How did I become an optimist? It's not in my nature. I am a dark brooding Celt, and I have many real things to brood about, like almost everybody I know. This hasn't been a very successful week, and I could write about that, but my camellias are in bloom and there have been a lot of blue skies and beautiful views from the bridges to the mainland, and I'd rather think about those things than about how to express the missteps and disappointments.

I feel as though I may have found a groove that works for me, where I'm comfortable just being me and where setbacks are tolerable and met with a sort of Desiderata-like understanding of the path I'm walking. Possibly the sense of inner comfort is coming from the knowledge that I have more time behind me than ahead. It's sort of along the lines that even if I'm on a wrong path, I won't have long to walk it.

My father was a late-groover too, I think. Somehow I always knew that he was concerned about the security of our family, but I don't think I realized that he might be making choices based on what he saw as his responsibilities. After my brother and I were grown is when he intensified activities that were probably always part of who he was. He was elected President of UAW Local 153 in Teterboro, NJ, not known for automotive plants, but for aviation plants. There were death threats. Unions can be tough. My father used to carry on such loud dialogues with his shaving mirror that my mother worried what the neighbors were thinking. My father stood his ground. It was as though no one could do anything to him that would be worse than losing faith in what he understood as his path.

I understand that faith. Maybe that's why I'm a late-groovin' optimist.

Thursday, January 1, 2009

How is this all going to work out?

How is this all going to work out? After we're dead, I mean. Really. Like everybody else I've heard the claims that we (Christians) will have new bodies and will see Jesus face-to-face and will have eternity with our loved ones. And many of us even believe we'll be escorted across the Rainbow Bridge by the beloved pets who wait for us.

But honestly, I'm having doubts. I haven't really wanted to dwell on the logistics of heaven, and I kind of liked the way the young murder victim in The Lovely Bones experienced it. She had some interaction with other embodied souls but the way I remember it is that it was her choice as to whether she wanted to be with someone or not.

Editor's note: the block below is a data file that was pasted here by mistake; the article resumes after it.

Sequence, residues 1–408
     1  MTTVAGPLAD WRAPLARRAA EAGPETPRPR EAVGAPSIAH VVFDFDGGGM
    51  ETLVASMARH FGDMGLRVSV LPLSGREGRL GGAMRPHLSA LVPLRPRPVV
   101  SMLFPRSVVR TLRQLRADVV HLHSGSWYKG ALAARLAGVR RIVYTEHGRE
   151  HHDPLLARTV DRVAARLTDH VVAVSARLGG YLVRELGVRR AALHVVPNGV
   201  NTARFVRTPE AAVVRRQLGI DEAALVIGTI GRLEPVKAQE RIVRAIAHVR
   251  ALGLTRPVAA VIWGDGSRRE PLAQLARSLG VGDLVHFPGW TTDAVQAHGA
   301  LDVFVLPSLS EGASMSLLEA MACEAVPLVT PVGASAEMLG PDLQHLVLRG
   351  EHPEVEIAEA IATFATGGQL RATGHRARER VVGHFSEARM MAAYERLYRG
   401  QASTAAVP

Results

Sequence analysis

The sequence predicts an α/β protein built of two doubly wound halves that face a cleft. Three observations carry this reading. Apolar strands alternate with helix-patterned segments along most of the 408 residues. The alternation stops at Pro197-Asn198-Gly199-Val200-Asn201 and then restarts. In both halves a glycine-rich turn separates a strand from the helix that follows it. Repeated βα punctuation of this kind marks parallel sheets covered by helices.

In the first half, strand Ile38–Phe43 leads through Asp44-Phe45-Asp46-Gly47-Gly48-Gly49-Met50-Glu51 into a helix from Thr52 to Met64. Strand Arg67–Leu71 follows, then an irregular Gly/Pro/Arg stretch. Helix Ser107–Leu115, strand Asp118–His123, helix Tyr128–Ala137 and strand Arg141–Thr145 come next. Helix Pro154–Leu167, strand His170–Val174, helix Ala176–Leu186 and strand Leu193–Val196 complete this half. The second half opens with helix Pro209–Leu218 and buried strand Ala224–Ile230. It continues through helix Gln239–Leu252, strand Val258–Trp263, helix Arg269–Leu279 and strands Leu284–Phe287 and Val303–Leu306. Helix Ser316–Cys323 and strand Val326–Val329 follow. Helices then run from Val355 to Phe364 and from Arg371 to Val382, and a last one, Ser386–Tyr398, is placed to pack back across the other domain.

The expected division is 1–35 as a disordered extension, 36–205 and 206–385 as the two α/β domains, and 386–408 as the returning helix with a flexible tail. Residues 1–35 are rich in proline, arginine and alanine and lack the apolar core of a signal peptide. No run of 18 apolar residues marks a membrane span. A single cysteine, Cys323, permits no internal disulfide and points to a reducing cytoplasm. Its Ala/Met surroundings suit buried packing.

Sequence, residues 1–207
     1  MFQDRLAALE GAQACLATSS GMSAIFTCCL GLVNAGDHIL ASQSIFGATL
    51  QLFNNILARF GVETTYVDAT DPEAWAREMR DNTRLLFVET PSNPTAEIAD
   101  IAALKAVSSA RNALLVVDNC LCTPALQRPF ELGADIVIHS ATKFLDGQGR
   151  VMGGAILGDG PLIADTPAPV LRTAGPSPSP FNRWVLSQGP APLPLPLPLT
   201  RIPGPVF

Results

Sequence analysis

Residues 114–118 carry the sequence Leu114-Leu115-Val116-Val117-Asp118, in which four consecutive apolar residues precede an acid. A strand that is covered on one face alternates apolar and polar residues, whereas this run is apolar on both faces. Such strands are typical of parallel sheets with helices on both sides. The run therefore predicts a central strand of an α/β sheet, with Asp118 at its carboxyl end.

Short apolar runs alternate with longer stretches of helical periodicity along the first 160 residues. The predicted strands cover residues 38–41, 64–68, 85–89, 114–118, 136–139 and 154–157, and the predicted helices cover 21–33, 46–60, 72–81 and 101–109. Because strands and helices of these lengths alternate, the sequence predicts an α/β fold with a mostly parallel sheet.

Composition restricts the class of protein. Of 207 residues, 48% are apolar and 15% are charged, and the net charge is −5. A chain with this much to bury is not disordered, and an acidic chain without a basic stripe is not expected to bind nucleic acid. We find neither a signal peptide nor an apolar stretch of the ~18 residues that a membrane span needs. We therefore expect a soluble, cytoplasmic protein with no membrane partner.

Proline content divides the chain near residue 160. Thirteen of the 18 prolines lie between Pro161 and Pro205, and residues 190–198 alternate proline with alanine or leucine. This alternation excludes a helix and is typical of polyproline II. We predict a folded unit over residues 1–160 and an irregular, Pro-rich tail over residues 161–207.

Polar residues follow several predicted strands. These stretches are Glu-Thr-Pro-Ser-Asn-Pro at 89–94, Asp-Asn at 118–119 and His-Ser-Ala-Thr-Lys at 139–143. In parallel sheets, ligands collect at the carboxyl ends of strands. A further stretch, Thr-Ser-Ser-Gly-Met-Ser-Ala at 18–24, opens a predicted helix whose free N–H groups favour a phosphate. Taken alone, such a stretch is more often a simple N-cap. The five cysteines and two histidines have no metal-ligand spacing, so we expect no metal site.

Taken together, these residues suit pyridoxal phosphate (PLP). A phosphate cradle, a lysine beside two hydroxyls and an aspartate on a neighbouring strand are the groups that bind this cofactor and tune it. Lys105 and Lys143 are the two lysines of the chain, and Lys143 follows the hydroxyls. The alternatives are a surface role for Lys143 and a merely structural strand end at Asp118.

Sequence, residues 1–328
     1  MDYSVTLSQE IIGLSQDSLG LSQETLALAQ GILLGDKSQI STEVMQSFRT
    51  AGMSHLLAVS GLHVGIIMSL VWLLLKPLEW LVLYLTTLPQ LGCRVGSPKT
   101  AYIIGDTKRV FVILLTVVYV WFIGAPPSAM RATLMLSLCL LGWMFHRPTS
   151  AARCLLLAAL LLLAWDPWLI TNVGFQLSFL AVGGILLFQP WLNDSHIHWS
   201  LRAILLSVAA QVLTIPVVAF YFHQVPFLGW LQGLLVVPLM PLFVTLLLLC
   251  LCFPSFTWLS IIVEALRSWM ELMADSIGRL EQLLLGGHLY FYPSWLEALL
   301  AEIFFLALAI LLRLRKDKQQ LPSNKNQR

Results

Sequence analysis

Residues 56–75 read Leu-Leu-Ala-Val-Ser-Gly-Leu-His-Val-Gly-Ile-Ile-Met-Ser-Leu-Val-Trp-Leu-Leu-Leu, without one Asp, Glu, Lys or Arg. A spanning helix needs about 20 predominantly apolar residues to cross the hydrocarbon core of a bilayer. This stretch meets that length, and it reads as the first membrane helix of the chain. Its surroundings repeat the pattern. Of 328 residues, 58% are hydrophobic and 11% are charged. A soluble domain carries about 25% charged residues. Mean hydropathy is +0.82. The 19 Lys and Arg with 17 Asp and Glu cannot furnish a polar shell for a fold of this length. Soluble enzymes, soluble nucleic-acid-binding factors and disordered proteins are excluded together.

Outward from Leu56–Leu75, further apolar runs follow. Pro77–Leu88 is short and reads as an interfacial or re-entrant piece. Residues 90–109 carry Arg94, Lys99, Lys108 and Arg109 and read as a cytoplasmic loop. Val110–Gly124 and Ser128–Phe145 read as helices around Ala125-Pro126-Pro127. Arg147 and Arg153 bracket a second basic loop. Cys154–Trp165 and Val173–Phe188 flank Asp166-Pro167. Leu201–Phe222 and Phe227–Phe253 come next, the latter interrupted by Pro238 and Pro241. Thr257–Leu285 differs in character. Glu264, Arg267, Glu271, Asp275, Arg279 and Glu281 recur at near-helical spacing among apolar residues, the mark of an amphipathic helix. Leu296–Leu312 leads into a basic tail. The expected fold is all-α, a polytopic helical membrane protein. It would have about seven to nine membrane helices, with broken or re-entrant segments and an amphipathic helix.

What has brought me to this place NOW, and I truly mean no disrespect to the deceased is that someone who peripherally touched my life years ago died on Christmas Day. I read her obituary and was angry. Not listed among those having preceded her in death was a grandchild who died in 1992, a grandchild who carries her last name. I know this because I am the child's other grandmother and the mother of his mother, also deceased. I read about the deceased's eleven loving grandchildren and her daughters and her son, who fathered my second grandson and who has gone on with his new life and his new wife Phonita despite having left a trail of wreckage and sorrow in his drunken past. So I'm wondering how this family reunion will play out. Notice I'm assuming that all will be welcomed into heaven and that this woman is up there with my daughter and my grandson.

And since I believe I come from one of the world's most dysfunctional families, going way back, I'm thinking that I might prefer a cloistered spot in heaven to making nice with people who have been destructive to put it mildly. I wish them no ill, but I'd prefer to avoid them in heaven just as I have reserved the right to absent myself from them in this life. On the other hand, if this is one of those grand cosmic dilemmas where one has to choose between getting along with everyone and going to hell, well, kicking and screaming, I'll be nice to the other grandmother, God rest her soul.